Kroenke is a lefty, so he gives the Brewers some much-needed depth in that department. And, if you don’t recognize the name “Eulogio” De La Cruz, trust me- you do.

Does “Frankie” De La Cruz ring a bell? Yep, he’s back, and n0w I can continue vomiting over how horrible his mechanics are.

> Jack Zduriencik- a former Brewers scout, and currently the general manager of the Mariners- said they aren’t actively pursuing Josh Hamilton. That could be good for the Brewers, though Doug Melvin has been saying basically the same thing as Zduriencik.

> The Blue Jays signed Melky Cabrera to a two-year deal worth $16 million. Interpret that how you want.

> Minor moves: 

Mets: Signed Brian Bixler to a minor league deal.
Padres: Acquired Tyson Ross and A.J. Kirby-Jones from the Athletics.
Athletics: Acquired Andrew Werner and Andy Parrino from the Padres.
Royals: Signed Brandon Wood, Atahualpa Severino, Brian Sanches, and Anthony Ortega to minor league deals.


Braun comes in second

November 16, 2012

> I knew all along that the NL MVP voters were going to get it wrong, but at least they didn’t push it too far.

Buster Posey won the NL MVP today, something we’ve felt would happen ever since the regular season ended. I predicted him to win it, but, once again, that doesn’t mean I think it’s the right choice.

Ryan Braun came in second place. That is actually much better than I thought the voters were going to give him. When the five finalists- Braun, Posey, Andrew McCutchen, Yadier Molina, and Chase Headley- were announced, I was sure Braun would get fifth as a result of being unfairly penalized for something that he was actually exonerated from. (Looking back, the exoneration literally meant nothing, except that Braun got to play while being showered by boos for the first 50 games as well.)

The voting wasn’t at all close. Posey received 27 of the 32 possible votes, while Braun got just two. However, Braun got the most second place votes by a large margin, with his 15 votes being at least nine more than every other candidate. Posey finished with 422 points to Braun’s 285 (the next closest to Braun was McCutchen with 245).

But, as mentioned earlier, the voters got it wrong. Here’s a complete list of the stats Posey topped Braun in:

1. Batting average
2. OBP
3. OPS+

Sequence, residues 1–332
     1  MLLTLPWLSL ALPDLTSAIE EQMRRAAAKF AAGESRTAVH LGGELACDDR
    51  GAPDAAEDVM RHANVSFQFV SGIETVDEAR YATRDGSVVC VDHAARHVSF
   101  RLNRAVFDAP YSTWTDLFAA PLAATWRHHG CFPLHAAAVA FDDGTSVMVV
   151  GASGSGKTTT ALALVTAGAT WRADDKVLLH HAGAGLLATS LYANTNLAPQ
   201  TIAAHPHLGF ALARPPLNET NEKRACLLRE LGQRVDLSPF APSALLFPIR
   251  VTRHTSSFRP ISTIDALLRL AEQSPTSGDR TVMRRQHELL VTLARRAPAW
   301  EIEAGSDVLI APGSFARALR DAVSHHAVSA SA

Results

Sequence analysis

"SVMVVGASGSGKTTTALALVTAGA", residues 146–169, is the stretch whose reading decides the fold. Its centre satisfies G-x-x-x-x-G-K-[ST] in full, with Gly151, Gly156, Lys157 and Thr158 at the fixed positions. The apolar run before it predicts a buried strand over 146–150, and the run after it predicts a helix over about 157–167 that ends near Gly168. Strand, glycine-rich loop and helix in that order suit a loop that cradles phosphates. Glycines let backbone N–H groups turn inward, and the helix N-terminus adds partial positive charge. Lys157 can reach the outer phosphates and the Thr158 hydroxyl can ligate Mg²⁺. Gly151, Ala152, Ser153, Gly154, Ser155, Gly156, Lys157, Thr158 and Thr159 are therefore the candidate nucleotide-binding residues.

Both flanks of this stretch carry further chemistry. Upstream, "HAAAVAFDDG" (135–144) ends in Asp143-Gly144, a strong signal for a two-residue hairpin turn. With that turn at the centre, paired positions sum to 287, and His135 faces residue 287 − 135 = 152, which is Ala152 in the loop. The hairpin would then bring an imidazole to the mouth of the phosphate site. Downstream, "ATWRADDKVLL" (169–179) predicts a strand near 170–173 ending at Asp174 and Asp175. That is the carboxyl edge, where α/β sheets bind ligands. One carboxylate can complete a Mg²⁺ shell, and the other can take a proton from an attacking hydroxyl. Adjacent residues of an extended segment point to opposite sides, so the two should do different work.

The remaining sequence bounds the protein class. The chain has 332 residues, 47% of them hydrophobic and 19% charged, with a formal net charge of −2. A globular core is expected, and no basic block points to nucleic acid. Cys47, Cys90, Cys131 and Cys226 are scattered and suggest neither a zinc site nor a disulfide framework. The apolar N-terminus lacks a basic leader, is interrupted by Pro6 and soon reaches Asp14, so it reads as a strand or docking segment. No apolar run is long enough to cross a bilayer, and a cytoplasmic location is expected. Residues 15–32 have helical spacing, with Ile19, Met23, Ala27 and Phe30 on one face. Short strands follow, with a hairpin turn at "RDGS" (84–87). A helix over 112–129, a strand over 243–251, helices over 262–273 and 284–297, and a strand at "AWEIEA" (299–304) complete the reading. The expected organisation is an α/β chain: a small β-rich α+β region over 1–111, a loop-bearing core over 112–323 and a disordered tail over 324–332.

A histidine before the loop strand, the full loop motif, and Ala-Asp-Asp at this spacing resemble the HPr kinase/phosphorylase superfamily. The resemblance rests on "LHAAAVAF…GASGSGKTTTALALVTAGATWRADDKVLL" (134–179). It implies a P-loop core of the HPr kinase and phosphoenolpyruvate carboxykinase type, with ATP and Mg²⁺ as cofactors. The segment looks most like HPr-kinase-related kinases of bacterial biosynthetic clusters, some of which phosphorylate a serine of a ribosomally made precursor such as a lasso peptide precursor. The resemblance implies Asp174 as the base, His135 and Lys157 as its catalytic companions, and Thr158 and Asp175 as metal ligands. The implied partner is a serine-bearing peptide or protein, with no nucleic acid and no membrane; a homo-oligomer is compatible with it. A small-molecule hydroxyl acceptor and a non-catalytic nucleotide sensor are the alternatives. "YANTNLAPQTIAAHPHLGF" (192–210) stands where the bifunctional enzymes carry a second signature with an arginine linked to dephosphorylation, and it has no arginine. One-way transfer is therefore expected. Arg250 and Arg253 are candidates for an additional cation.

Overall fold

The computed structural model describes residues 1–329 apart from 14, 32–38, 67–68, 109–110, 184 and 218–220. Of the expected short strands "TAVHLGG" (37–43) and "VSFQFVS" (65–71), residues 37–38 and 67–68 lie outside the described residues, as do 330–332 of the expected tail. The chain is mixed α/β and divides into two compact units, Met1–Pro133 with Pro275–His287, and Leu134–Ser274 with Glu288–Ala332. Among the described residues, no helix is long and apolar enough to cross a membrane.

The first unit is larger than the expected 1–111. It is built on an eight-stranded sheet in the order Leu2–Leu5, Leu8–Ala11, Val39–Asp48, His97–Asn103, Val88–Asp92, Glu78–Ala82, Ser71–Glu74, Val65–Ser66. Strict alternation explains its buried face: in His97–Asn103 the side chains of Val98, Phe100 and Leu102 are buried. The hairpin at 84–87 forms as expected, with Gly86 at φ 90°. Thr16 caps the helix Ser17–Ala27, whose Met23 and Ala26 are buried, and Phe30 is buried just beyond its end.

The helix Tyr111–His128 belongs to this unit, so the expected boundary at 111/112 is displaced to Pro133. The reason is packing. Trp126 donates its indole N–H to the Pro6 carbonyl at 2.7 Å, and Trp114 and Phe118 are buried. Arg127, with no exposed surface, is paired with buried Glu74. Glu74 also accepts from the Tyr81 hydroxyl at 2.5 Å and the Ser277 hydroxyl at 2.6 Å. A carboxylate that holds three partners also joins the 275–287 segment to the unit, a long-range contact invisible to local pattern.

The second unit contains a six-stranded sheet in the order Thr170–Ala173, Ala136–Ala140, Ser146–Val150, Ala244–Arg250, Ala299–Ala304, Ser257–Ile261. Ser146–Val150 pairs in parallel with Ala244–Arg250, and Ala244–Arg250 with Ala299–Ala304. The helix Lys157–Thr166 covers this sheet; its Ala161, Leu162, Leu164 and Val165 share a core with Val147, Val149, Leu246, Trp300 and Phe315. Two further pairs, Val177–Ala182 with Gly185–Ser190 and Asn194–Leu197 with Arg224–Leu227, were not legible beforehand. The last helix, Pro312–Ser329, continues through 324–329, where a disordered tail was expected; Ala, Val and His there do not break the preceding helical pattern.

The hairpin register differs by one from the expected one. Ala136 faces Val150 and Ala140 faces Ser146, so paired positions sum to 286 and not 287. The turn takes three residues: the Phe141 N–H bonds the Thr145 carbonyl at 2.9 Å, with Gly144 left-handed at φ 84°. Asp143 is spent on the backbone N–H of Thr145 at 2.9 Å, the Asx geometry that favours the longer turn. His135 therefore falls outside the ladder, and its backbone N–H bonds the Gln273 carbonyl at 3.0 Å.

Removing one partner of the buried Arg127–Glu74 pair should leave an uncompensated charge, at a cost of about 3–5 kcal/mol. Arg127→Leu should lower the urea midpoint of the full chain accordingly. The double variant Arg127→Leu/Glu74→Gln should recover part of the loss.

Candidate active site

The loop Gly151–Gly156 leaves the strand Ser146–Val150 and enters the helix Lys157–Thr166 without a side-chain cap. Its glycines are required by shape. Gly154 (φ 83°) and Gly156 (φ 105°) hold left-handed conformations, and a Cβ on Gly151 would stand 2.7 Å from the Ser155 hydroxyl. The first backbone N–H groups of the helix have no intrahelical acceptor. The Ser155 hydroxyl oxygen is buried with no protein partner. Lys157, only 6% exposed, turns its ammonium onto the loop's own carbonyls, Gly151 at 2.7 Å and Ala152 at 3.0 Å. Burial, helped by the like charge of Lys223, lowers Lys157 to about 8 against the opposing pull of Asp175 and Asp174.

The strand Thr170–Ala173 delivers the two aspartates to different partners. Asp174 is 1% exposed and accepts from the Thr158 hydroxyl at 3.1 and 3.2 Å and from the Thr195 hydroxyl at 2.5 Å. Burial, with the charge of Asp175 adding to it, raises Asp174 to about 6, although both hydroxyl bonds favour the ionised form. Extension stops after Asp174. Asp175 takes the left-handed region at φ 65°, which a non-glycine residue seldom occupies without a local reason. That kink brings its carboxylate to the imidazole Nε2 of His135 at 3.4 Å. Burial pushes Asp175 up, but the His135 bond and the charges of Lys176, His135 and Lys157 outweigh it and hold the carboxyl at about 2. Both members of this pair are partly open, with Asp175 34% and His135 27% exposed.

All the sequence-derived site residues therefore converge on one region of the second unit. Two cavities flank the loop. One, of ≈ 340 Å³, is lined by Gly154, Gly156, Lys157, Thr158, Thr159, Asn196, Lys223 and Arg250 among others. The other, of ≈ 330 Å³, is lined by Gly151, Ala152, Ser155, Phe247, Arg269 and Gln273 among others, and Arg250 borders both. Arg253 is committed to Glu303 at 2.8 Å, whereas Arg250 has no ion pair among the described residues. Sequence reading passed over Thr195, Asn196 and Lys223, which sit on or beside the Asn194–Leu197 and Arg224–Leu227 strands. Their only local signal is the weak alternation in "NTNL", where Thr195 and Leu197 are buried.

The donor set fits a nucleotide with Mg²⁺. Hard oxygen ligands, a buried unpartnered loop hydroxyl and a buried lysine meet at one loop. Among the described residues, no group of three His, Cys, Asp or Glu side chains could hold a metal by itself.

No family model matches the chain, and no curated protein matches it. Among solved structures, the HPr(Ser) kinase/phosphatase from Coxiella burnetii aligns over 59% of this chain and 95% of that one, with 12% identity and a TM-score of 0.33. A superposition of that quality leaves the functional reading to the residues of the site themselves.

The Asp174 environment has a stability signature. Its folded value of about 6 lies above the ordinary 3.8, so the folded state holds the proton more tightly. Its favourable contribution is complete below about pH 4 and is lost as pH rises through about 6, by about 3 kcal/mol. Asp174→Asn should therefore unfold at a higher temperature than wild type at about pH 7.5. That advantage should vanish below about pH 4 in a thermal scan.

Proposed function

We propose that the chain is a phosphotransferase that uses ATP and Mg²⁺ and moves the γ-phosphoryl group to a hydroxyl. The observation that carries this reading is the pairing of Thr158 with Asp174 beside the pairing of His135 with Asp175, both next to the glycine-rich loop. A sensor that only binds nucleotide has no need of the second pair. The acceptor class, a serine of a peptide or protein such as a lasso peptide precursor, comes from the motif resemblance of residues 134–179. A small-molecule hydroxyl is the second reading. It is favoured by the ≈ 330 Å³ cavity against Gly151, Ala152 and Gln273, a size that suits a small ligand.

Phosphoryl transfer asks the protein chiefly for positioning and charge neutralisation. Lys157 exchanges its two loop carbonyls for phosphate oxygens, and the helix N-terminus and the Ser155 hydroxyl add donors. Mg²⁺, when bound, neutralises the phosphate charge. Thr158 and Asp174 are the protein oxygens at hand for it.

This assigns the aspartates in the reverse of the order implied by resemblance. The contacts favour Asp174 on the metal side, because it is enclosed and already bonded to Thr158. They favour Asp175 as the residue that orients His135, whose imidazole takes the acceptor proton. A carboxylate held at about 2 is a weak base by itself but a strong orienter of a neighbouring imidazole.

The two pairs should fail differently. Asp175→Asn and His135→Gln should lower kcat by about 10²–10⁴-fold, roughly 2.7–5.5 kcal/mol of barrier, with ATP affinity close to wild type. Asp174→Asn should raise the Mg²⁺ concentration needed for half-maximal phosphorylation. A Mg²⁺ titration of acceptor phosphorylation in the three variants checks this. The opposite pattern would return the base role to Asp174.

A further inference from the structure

And Posey didn’t have Braun beat by too much in each of those stats, while Braun murdered him in most of the other stats. Plus, batting average hasn’t been, for some reason, considered as much of a factor because of the rise of sabermetrics (but until Carlos Pena wins an MVP with a sub-.200 batting average, I’m not buying it).

Oh well. Not much else I can do to defend Braun, considering I attempted to defend him when Matt Kemp was in this position last year.

But, had it not been for the false PED accusation, Braun would have won the MVP- easily.

> Meanwhile, Miguel Cabrera won the AL MVP over Mike Trout. Something told me I wanted him to win it, but I had a much tougher time defending his case than I thought. Perhaps it was because I actually opened my ears a bit more; most Cabrera-backers heard “TRIPLE CROWN!!!!” and nothing else.

> Following a very injury-plagued year for the Brewers as a whole (at least early on), they’re going to “focus as much or more on preventing injuries as on treating them.”

> Minor moves: 

Braves: Signed Gerald Laird to a two-year deal.
Cubs: Signed Dioner Navarro to a one-year deal.
Blue Jays: Signed Neil Wagner to a minor league deal.
Angels: Signed Billy Buckner, Luke Carlin, Brendan Harris, Trent Oeltjen, Jo-Jo Reyes, and J.B. Shuck to minor league deals.
Nationals: Signed Will Rhymes to a minor league deal.
Royals: Signed Brandon Wood to a minor league deal.


Miley snubbed in NL RoY voting

November 13, 2012

> The AL and NL Rookie of the Year Awards were handed out today. The AL recipient was who we expected: Mike Trout. Pretty sure we all knew that one in August.

But there is a lot of debate around the NL winner, who, of course, had to be Bryce Harper. He edged Wade Miley by a mere seven points- Harper received 16 first place votes, while Miley got 12.

I thought Miley was the clear-cut winner. He went 16-11 with a 3.33 ERA and was the unexpected ace of the Diamondbacks’ staff. Harper and the other finalist for the NL RoY, Todd Frazier, both had decent rookie seasons, but were WAY too overhyped. Harper hit .270, and received more hype than Ryan Braun did in 2007 when he hit .324 in his rookie season.

Again, I’m not denying that Harper had a good season, but to say he had a better season than Miley- which is what giving Harper the NL RoY is doing- isn’t right.

Also, if you didn’t see it, I went on a Twitter rant about how Wilin Rosario had just as good of a season- if not better- than Harper. Rosario had the same batting average, and more home runs and RBIs in less at-bats. That would have been fun to write, but I was stupid and forgot to take Coors Field into effect. Oops.

> Props to the two writers who gave Norichika Aoki second-place votes in the RoY. Aoki came in fifth place overall, and also received five third-place votes.

This is how the placing went:

1. Harper
2. Miley
3. Frazier
4. Rosario
5. Aoki
6. Yonder Alonso
7. Matt Carpenter
8. Jordan Pacheco

As you can see, Mike Fiers was left completely off the ballot. Apparently everyone forgot about him after he fell of a cliff from August on.